moments gone but in here for ever

As I sit at my “day job” and read travel blogs, I feel suddenly transported to moments from my recent travels through Spain, Germany and the Netherlands. I can feel the dust and dirt from Nowhere on my skin and the motion of Tobias’ granddad’s boat on the channels of Berlin; I hear the announcements from the church tower in Al Forga, Spain and I taste the herby good stuff I bought in Amsterdam.

I long for those lonely moments, walking through streets older than my country, browsing second hand books in solitude, where no-one knew or cared who I was. The anonymity of a different country where you don’t understand the conversations people are having around you; the romance of a sudden and unexpected cloud burst in a foreign city; the secret joy of listening to Johnny Clegg sing about Africa while you walk through Europe.

I was reading something on Matador Network when I saw a featured post entitled How to get a haircut in Spanish. This immediately brought two memories to light.

1. I am sitting in the sun at “the Italian house” in Castelldefels, 20minutes outside Barcelona with my new friend Nurse (a gay Irish Nurse with a heart of gold that I had met at Nowhere) and fellow Nowherians whom I only met after the event when I showed up at their house with Nurse. Maggi’s friend the hairdresser had come to spoil us all, cause after 3 weeks in the dust and dirt of the Spanish dessert we needed it. Problem is, the hairdresser does not speak any English and I don’t speak any Italian. So we have Massimo, the eccentric DJ, translating and repeatedly telling me “don’t worry, we make you beautiful.”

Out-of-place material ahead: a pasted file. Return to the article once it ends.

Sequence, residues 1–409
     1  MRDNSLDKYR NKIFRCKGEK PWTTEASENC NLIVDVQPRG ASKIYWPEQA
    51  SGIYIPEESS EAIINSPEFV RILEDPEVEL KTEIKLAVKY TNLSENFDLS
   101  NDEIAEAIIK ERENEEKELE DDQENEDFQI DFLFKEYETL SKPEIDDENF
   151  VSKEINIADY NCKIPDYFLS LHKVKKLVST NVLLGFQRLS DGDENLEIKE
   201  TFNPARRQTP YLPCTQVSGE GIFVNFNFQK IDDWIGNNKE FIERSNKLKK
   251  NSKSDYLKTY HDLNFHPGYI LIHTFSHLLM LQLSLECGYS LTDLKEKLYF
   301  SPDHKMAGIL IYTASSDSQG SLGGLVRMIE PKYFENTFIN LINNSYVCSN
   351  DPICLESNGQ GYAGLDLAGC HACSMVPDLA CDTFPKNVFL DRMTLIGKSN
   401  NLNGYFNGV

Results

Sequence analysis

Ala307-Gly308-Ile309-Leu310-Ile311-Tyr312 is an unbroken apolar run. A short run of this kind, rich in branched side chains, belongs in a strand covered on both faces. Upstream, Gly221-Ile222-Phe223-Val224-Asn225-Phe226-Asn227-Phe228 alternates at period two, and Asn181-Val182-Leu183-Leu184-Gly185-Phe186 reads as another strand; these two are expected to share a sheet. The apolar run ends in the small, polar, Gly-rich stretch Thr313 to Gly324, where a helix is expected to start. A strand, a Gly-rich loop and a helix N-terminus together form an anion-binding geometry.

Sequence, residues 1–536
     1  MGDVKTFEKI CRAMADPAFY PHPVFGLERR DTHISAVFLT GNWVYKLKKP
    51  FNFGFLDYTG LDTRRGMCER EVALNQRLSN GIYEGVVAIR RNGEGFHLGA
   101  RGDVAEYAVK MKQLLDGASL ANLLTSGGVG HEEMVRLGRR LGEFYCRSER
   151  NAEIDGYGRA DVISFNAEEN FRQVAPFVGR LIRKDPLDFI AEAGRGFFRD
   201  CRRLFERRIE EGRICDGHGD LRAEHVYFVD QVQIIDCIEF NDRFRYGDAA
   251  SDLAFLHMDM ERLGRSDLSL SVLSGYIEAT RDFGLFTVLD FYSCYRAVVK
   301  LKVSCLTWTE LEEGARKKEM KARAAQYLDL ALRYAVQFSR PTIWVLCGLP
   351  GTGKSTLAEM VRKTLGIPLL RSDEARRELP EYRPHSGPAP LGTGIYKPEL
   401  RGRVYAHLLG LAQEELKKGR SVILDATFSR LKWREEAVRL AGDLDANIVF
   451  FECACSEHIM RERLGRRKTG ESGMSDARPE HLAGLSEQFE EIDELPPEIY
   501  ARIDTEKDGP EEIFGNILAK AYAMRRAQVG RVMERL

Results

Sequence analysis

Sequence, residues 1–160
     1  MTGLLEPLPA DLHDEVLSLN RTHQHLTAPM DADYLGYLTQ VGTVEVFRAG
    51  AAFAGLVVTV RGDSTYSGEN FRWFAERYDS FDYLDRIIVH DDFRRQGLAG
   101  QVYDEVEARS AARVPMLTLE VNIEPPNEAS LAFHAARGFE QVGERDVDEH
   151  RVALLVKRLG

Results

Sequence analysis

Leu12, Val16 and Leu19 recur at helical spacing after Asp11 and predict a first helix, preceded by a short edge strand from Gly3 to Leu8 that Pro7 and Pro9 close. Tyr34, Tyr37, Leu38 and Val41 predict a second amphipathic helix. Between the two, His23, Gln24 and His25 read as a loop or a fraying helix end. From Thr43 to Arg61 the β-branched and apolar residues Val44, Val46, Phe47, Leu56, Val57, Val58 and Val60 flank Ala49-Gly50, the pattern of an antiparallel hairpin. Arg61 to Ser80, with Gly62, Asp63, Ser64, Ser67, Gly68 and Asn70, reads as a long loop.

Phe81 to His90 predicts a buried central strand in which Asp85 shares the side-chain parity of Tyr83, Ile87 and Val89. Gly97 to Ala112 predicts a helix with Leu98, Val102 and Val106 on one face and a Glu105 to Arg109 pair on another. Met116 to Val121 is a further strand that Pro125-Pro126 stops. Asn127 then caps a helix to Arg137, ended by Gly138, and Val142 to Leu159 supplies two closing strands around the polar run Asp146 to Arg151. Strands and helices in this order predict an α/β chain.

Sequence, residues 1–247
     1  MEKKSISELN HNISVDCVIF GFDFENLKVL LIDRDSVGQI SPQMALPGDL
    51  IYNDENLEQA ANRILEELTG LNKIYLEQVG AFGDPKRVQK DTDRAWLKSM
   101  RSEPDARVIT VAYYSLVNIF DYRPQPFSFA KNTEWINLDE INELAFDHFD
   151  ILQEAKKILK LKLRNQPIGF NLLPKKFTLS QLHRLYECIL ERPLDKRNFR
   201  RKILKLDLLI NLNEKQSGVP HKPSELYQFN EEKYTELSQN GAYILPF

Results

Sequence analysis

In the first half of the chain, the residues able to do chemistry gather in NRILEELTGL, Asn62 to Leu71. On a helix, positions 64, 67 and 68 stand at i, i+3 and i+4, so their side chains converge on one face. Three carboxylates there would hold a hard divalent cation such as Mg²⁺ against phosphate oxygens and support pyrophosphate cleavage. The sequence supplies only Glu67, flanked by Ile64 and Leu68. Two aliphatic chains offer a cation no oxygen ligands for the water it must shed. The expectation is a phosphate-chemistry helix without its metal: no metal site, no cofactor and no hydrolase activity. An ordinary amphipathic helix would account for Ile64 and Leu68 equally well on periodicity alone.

It was a nerve wrecking experience, but yes, she did make me beautiful.

2. It is a few weeks later after Nurse and I had returned to Barcelona and I had gone back to my couch surfer (with who I had fallen madly in love during my first week in the city – like my friend Nikki said when I told her about him – “Trust you to go to Spain and fall for an Alejandro”) 

Anyway – couch surfer Alejandro was sitting on the floor of his room in their squat while Erika, the Hungarian girl who squats next door, works on his dreadlocks. I am lying on the bed watching them, thinking how random life is…

People on the other side of the world, strangers, who opened their homes and hearts to this quiet, awkward white African chick who very seldom understood what the hell was going on.

You changed my outlook on life. You gave me hope for the human race!

And I thank you!


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